Here, in case you’d like to see them, is my collection. I’ve also noted where you can find the heads in real, or rather stuffed, life.


Double-headed calf #1
Carter County Museum
Ekalaka, Montana
Click here for more about Ekalaka


Double-headed calf #2
Stoneville Saloon
Alzada, Montana

The Stoneville Saloon prides itself as the home of “Cheap Drinks and Lousy Food”. And, a four-eyed calf’s head…


Double-headed calf #3
Rogues Gallery art gallery
Hullet, Wyoming


Double-ewe
Carter County Museum
Ekalaka, Montana
Click here for more about Ekalaka

Okay, I was kidding about looking for a double-headed human. Still, if you know of a two-headed mule out here, contact mule Polly and me…!

Posted Sunday July 27, 2008 by Bernie
Dakota in Black and White
July 21, 2008

The focus of my Canada to Mexico mule wagon journey is the Lost Sea, or Western Interior Seaway as geologists call it. That’s the ancient sea that covered the Great Plains 75 million years ago. Along the way, I interview, photograph and film farmers, ranchers, Native Americans, churches and just plain whoever will talk to me about the great inland sea that submerged the North American continent.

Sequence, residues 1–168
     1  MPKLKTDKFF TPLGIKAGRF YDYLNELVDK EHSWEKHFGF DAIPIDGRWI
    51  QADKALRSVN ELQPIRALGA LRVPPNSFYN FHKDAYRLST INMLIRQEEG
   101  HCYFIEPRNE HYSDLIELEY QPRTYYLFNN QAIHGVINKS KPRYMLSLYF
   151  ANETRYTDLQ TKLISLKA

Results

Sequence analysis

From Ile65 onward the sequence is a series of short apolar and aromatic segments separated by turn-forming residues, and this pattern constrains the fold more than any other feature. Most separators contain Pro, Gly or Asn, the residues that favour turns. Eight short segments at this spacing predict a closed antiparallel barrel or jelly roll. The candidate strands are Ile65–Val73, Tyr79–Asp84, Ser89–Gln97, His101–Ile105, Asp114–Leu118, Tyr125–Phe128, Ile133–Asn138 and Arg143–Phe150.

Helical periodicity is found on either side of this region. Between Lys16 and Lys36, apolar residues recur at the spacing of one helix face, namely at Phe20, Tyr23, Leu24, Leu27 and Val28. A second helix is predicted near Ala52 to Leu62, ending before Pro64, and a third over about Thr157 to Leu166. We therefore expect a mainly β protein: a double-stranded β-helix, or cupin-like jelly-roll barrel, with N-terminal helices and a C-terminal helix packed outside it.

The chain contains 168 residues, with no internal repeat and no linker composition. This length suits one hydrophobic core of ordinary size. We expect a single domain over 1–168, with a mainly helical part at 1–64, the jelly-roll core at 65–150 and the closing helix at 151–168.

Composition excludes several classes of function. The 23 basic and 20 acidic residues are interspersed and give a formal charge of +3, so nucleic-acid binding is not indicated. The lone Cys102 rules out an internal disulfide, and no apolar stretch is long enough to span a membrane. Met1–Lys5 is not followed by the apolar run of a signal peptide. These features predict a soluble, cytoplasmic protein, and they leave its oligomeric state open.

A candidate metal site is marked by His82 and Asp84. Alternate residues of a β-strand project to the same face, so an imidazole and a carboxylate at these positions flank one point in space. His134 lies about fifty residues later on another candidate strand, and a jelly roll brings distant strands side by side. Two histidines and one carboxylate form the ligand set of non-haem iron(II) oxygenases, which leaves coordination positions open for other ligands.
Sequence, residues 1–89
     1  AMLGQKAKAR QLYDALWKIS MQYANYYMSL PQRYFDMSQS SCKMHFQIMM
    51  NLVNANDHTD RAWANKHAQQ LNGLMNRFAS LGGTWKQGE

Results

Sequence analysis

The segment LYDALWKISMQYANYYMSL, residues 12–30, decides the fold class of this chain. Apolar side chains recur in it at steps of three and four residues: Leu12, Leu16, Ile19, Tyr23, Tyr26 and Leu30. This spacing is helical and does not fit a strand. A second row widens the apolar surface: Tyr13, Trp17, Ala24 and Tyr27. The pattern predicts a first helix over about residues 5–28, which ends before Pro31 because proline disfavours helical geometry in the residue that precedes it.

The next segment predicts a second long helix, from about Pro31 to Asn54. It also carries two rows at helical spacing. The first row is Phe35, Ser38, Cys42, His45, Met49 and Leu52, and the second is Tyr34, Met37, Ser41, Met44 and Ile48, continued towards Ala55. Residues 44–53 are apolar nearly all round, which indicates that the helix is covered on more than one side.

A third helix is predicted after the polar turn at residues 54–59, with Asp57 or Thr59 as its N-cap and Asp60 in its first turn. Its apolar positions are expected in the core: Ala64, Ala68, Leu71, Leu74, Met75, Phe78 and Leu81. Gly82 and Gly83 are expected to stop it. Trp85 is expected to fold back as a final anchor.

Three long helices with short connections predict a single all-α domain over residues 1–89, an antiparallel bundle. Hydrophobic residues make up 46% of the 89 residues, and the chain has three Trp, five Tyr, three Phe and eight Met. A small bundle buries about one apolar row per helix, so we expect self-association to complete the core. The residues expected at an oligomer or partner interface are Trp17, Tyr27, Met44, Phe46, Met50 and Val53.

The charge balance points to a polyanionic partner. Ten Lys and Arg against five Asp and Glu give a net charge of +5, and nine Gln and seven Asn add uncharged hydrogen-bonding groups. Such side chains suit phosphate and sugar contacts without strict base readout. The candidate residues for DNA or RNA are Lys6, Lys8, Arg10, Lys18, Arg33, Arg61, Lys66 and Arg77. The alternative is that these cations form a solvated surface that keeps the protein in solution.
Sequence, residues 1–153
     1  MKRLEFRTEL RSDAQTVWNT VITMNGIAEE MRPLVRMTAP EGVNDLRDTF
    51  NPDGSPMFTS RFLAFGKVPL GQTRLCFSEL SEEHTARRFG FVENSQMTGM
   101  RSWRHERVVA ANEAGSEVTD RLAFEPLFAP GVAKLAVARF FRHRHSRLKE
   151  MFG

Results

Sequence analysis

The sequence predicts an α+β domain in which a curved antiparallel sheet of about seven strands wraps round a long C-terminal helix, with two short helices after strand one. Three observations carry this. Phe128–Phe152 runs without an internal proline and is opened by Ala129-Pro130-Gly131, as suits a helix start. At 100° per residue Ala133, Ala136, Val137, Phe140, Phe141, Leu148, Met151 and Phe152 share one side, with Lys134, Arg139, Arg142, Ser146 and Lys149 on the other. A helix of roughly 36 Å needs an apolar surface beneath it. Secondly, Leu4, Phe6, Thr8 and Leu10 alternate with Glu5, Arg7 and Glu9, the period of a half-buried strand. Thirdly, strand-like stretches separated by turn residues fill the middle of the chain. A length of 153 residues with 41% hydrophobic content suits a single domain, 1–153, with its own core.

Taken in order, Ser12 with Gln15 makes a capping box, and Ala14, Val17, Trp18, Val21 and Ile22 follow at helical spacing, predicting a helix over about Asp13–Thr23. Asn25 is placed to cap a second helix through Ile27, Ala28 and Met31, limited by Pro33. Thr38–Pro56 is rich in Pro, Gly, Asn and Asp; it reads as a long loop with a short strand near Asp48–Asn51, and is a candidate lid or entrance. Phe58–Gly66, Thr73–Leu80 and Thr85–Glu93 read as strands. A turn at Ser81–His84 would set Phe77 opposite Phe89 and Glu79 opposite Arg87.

For the most part, I shoot in color. Still, deep inside my mule traveling heart, some photos feel better in black and white. Here’s a selection from the Black Hills of South Dakota.


Jawbone
Rochford, SD


Tractor
Pringle, SD


Tipi Poles
Outside Hill City, SD

Posted Monday July 21, 2008 by Bernie
Signs of the Lost Sea
July 14, 2008

You’ve got your sea signs and you’ve got your Lost Sea signs.


Cat’s paw
500 miles off Africa

A few years ago, while sailing alone around the world on my sailboat Sea Bird, I was surrounded by sea signs. A cat’s paw heading my way on a calm day heralded a puff of wind’s arrival. In reefy anchorages, light-colored water signaled shallow water. (For film footage of this and other sailing footage, check out the “65 Days at Sea” DVD preview.)


Sea Bird anchored in shallow water (light blue) off the beach
St Thomas, USVI

Out here traveling across the Lost Sea in my mule wagon though, the signs are more direct. The following are a few of my favorites.


Outside Hulett, Wyoming

No Sir, wasn’t even thinking about it…


Hulett, Wyoming